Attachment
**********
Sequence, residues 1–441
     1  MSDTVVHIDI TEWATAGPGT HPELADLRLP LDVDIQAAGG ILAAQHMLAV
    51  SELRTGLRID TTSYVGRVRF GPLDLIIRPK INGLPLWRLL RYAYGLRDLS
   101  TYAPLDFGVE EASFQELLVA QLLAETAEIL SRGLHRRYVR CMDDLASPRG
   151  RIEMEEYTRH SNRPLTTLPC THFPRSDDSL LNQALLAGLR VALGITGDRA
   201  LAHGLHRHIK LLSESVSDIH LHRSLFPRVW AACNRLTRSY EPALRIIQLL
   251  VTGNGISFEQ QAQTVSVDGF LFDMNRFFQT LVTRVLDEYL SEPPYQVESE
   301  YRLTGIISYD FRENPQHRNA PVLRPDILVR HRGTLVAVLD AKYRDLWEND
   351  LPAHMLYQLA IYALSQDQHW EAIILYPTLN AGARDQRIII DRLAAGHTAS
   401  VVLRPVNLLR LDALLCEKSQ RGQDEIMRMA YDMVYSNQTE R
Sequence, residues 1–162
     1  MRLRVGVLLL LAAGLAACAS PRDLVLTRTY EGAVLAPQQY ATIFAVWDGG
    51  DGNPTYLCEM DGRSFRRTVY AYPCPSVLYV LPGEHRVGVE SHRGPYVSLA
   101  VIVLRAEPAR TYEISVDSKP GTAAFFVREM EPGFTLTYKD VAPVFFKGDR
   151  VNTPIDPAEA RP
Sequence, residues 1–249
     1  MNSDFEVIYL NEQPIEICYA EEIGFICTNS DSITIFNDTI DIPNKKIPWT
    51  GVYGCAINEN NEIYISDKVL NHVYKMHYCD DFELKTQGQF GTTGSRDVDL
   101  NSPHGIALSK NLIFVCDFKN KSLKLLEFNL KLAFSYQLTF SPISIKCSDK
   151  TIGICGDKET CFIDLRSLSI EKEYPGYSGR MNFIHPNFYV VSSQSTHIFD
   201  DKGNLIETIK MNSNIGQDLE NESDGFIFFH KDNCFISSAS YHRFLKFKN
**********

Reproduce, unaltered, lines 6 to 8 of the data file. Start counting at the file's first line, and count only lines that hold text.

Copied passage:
   201  LAHGLHRHIK LLSESVSDIH LHRSLFPRVW AACNRLTRSY EPALRIIQLL
   251  VTGNGISFEQ QAQTVSVDGF LFDMNRFFQT LVTRVLDEYL SEPPYQVESE
   301  YRLTGIISYD FRENPQHRNA PVLRPDILVR HRGTLVAVLD AKYRDLWEND